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How much pressure exists at the Earth's inner most core? Does this have an effect on the intensity of earthquakes? What purpose does the magma serve to the earth?

If I recall correctly the pressure at the center of the earth is around 5 million times atmospheric pressure (the 15 pounds/square inch that we breathe and live in). However that really does not have much effect on what happens up here near the surface. You may have heard about earthquakes having an epicenter - this is where the earthquake really happened and is usually between 0 and 50 miles below the surface of the earth. Even 50 miles is pretty small compared to the radius of the earth (4000 miles), so the pressure in the earth at even the deepest earthquakes is much less than it is at the center of the earth - the earthquakes are much closer to us up on top than to the core way down below. The other thing that happens as you go down deep is that it gets pretty hot - thousands of degrees. The magma you mentioned is usually the name for the first layer of the earth below us, containing hot and molten rock that sometimes comes up to the top through volcanoes and similar events. This is actually an "earth science" question so you might get a better answer by asking over there.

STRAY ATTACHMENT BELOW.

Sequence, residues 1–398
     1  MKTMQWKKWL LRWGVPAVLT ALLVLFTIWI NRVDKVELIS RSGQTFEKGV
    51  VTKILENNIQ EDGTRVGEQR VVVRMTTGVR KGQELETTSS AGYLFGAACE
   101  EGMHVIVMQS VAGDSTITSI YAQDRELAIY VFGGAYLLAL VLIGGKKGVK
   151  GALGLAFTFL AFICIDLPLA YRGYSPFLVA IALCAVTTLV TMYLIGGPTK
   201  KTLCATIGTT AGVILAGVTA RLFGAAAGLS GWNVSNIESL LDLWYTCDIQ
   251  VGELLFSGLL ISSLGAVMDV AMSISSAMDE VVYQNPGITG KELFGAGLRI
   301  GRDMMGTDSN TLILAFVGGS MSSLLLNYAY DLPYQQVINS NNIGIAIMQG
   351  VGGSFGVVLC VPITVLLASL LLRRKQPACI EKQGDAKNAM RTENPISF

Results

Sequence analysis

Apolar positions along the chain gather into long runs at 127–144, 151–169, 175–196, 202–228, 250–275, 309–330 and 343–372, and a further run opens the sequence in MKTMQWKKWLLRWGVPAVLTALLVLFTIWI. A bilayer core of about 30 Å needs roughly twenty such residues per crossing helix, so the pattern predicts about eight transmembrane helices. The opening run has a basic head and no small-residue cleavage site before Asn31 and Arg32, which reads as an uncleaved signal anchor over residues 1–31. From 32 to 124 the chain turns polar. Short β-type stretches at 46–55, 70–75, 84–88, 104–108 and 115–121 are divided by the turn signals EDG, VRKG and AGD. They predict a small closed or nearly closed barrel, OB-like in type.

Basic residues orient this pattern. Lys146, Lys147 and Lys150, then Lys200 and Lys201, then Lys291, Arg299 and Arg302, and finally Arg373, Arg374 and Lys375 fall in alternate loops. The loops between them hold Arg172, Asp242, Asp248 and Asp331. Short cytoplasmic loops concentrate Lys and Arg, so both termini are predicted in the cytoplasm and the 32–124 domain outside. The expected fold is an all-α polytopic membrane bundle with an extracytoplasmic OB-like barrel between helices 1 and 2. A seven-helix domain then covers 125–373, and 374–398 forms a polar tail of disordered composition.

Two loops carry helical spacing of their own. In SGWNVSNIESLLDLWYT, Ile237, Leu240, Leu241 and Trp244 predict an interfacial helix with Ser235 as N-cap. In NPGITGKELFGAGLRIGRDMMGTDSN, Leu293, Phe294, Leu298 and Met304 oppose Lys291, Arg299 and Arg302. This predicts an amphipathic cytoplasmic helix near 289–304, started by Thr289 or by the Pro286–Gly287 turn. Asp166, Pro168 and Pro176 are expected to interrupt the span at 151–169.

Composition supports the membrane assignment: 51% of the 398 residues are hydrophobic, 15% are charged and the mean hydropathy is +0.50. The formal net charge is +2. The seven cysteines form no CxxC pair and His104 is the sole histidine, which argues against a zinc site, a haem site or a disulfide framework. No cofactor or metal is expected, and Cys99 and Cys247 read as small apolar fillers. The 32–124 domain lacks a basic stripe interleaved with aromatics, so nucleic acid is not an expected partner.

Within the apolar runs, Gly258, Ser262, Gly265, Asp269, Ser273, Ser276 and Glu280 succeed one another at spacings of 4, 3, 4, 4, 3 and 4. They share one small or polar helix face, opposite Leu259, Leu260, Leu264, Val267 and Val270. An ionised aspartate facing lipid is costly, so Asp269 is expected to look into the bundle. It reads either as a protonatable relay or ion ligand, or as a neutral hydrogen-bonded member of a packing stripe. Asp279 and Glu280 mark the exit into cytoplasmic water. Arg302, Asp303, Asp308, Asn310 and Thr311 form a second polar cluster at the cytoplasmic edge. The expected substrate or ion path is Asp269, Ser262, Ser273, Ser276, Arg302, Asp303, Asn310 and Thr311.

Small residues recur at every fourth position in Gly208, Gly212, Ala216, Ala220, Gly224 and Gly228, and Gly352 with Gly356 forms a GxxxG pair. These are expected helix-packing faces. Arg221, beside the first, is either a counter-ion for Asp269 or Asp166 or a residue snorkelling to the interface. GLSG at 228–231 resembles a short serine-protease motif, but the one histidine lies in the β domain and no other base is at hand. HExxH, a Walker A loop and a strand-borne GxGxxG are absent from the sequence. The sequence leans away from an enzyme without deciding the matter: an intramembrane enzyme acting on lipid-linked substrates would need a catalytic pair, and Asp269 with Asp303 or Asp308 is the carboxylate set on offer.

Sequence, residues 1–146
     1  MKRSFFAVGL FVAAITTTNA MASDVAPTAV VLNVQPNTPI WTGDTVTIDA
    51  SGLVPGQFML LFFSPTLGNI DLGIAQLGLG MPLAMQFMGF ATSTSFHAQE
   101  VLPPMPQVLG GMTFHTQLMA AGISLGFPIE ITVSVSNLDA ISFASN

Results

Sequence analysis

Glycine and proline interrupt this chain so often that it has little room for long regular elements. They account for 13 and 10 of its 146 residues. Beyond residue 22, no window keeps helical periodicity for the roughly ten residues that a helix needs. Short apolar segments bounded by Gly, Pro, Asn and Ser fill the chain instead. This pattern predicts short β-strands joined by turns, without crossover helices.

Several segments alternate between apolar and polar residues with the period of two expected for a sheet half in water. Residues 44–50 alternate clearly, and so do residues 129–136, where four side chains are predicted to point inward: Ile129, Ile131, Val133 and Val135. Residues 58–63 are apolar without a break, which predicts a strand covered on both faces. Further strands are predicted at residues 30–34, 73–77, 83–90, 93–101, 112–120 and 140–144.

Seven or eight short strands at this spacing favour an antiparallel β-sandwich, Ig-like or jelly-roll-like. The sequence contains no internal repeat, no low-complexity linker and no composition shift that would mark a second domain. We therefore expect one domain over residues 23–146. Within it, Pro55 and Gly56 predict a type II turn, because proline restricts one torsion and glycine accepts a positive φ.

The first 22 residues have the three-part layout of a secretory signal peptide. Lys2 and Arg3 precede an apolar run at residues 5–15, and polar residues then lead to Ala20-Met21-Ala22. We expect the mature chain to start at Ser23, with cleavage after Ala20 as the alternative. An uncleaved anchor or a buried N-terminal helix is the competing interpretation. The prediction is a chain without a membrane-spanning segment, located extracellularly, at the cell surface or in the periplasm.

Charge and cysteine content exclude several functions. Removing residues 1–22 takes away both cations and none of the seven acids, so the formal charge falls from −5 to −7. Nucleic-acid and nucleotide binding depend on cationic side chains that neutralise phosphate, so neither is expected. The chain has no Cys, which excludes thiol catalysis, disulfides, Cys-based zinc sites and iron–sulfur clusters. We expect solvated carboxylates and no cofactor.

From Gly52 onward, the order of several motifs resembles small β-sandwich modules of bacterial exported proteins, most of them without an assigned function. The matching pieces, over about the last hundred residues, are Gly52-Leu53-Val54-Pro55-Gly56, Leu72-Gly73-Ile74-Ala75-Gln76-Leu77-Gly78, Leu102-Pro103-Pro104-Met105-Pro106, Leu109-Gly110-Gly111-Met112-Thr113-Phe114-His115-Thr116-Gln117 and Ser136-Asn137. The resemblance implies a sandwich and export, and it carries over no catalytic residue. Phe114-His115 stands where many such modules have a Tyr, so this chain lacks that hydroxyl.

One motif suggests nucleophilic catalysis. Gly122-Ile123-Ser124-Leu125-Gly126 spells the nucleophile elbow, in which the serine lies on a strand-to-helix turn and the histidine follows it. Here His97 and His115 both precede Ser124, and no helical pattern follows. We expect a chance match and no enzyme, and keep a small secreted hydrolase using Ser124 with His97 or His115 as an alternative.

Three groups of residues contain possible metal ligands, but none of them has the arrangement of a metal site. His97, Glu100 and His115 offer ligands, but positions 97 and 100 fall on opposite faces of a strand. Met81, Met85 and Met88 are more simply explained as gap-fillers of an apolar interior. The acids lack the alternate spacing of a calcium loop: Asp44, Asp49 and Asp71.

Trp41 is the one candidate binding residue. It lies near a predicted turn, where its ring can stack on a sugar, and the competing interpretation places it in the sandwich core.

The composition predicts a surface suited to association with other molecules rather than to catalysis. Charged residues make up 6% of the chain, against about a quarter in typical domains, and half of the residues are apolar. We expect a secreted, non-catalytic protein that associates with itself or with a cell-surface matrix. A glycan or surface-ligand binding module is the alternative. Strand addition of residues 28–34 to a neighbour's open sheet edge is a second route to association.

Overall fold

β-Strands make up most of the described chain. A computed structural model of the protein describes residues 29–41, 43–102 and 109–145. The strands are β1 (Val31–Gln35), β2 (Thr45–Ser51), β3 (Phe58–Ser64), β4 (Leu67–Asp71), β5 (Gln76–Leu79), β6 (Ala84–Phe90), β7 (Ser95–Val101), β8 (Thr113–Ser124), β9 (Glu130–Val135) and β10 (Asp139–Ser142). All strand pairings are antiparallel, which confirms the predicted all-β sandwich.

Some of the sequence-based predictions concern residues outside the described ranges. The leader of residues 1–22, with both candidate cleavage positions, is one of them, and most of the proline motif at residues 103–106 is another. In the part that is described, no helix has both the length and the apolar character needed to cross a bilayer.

Arthur Smith

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